Jefferson continued on to Italy. He was more than an observer on the trip as he collected seeds that might enhance American produce. Historian Donald Jackson wrote of Jefferson: “Although he loved plants for themselves, he was especially fond of those which promised new practical applications.”39 Jefferson broke Italian law to smuggle rice out of the country in order to help southern plantation owners. Jefferson himself wrote John Jay, then in charge of America’s foreign relations under the Articles of Confederation: "I wished particularly to know whether it was the use of a different machine for cleaning, which brought European rice to market less broken than ours, as had been represented to me by those who deal in that article in Paris. I found several persons who had passed through the rice country of Italy, but not one could explain to me the nature of the machine. But I was given to believe that I might see it myself immediately on entering Piedmont. As this would require but about three weeks, I determined to go and ascertain this point, as the chance only of placing our rice above all rivalship in quality, as it is in color, by the introduction of a better machine, if a better existed, seemed to justify the application of that much time to it. I found the rice country to be in truth Lombardy, one hundred miles further than had been represented, and that though called Piedmont rice, not a grain is made in the country of Piedmont." He learned the Italian milling machine was identical to that used in America so he decided that he needed to investigate the grain itself. He learned that "the government of Turin is so sensible, that, as I was informed, they prohibit the exportation of rough rice on pain of death. I have taken measures, however, which I think will not fail for obtaining a quantity of it, and I bought on the spot a small parcel, which I have with me. As further details on this subject to Congress would be misplaced, I proposed, on my return to Paris, to communicate them, and send the rice to the society at Charleston for promoting agriculture, supposing that they will be best able to try the experiment of cultivating the rice of this quality, and to communicate the species to the two States of South Carolina and Georgia."

Jefferson added: "The mass of our countrymen being interested in agriculture, I hope I do not err in supposing that in a time of profound peace, as the present, to enable them to adapt their productions to the market, to point out markets for them, and endeavor to obtain favorable terms of reception, is within the line of my duty."40 Biographer James Parton noted: "Jefferson, falling back on the higher law, 'took measures with a muleteer to run a couple of sacks across the Apennines to Genoa;' but, having small faith in the muleteer's success, he filled the pockets of his coat and overcoat with the best rice of the best rice-producing district in Italy, and sent it, in two parcels by different ships to Charleston. The muleteer failed to run his sacks; but this small store reached the Charleston society, who distributed it among the rice planters, a dozen or two grains to each."41 Historian M. L. Wilson noted: “He sent seeds, cuttings, and observations on vineyards, the cultivation of fruits, the production of silk, the milling of rice, and the manufacture of flour to his friends at home....His correspondence with the South Carolina Society for Promoting and Improving Agriculture stresses the importance of experimentation in the development of husbandry.”42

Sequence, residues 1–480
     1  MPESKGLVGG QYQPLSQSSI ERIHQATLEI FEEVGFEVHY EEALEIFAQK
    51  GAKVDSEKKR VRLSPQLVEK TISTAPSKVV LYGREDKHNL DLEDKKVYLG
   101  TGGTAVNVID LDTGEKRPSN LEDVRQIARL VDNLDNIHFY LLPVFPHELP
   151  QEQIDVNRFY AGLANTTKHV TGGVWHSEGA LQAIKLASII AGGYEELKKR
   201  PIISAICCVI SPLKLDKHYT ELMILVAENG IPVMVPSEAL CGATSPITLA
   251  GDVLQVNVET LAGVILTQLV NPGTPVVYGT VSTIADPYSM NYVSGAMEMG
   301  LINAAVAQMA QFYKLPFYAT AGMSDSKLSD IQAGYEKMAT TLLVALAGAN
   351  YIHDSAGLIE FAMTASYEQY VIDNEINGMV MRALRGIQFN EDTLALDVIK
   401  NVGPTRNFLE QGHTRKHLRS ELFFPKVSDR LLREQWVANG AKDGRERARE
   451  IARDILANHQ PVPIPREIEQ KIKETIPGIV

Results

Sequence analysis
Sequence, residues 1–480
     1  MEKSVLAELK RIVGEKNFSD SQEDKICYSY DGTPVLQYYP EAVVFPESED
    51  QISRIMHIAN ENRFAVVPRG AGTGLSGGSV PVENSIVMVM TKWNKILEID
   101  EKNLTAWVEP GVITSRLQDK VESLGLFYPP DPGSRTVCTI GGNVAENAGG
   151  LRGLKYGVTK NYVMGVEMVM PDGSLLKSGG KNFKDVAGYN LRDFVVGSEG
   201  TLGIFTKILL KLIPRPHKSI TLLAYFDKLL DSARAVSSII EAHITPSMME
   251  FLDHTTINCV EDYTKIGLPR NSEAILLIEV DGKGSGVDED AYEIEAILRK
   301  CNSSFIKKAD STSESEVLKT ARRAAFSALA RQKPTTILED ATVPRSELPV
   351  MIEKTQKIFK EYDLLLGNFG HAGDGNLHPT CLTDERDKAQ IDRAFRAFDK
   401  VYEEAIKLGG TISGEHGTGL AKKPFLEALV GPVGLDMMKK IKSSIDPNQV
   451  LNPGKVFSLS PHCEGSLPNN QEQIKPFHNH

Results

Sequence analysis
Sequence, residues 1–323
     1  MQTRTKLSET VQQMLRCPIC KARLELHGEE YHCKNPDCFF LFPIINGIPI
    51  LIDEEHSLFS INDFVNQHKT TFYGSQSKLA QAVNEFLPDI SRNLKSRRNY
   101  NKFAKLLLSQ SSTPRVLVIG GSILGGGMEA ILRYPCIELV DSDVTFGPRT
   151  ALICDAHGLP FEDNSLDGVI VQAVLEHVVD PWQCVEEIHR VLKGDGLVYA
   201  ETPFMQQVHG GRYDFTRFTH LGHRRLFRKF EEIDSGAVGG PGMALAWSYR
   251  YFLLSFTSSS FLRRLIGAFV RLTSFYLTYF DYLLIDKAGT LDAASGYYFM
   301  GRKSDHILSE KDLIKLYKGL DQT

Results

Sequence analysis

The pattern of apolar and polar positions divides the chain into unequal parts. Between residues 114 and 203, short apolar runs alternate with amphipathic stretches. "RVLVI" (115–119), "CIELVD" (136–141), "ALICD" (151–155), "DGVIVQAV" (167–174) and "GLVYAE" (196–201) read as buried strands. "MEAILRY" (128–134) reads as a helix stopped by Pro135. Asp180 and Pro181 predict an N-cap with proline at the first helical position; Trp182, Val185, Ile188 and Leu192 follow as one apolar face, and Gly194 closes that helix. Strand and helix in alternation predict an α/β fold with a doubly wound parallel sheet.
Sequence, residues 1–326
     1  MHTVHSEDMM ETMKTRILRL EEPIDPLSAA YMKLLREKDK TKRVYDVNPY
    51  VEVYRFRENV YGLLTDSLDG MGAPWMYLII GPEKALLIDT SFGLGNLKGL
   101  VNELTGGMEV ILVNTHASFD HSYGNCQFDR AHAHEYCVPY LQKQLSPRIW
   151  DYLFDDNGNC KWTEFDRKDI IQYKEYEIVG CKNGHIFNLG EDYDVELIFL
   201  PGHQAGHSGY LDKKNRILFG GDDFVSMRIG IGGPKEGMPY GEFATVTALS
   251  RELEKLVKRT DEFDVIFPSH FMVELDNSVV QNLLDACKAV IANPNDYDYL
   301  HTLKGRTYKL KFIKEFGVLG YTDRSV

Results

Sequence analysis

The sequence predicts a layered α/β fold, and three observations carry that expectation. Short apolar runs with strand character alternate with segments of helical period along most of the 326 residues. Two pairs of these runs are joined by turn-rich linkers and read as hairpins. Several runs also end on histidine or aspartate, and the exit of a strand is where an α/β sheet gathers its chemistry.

Jefferson placed a high value on such activities in promoting American agriculture and the improved produce that would result. At home and abroad, he collected, solicited and received seeds from others and distributed them in turn. After receiving the seeds from a bread-tree in 1797, Vice President Jefferson wrote the French donor: "The successive supplies of the same seeds which you are kind enough to give me expectations of receiving from you, will, in like manner, be thankfully received, and distributed to those persons and places most likely to render the experiment successful. One service of this kind rendered to a nation, is worth more to them than all the victories of the most splendid pages of their history, and becomes a source of exalted pleasure to those who have been instrumental to it."43 Throughout his adult life, Jefferson kept careful daily records of the success and failure of new varieties of fruits and vegetables planted on his property.

Back home, in 1813 former President Jefferson detailed the way that previous generations of Virginians had abused the land: “Our country is hilly and we have been in the habit of ploughing in straight rows whether up or down, in oblique lines, or however they lead ; and our soil was rapidly running into rivers. We now plough horizontally, following the curvatures of the hills and hollows, on the dead level, however crook the lines may be. Every furrow thus acts as a reservoir to receive and retain the waters, all of which go to the benefit of the growing plant, instead of running off into the streams. In a farm horizontally and deeply ploughed, scarcely an ounce of soil is now carried off from it.”44 Jefferson’s use of contour ploughing was ahead of his contemporaries. Historian Roger G. Kennedy wrote that “the planters’ reliance upon slavery forbade their improving agricultural practice by putting expensive tools in the hands of the labor force. So disabled, they saw no choice but to continue their hasty, wasteful production of row-crop staples. In the short and medium term, their incapacity to risk modernization of agricultural technique and technology left them at the mercy of the violence oscillations of the price of tobacco.”45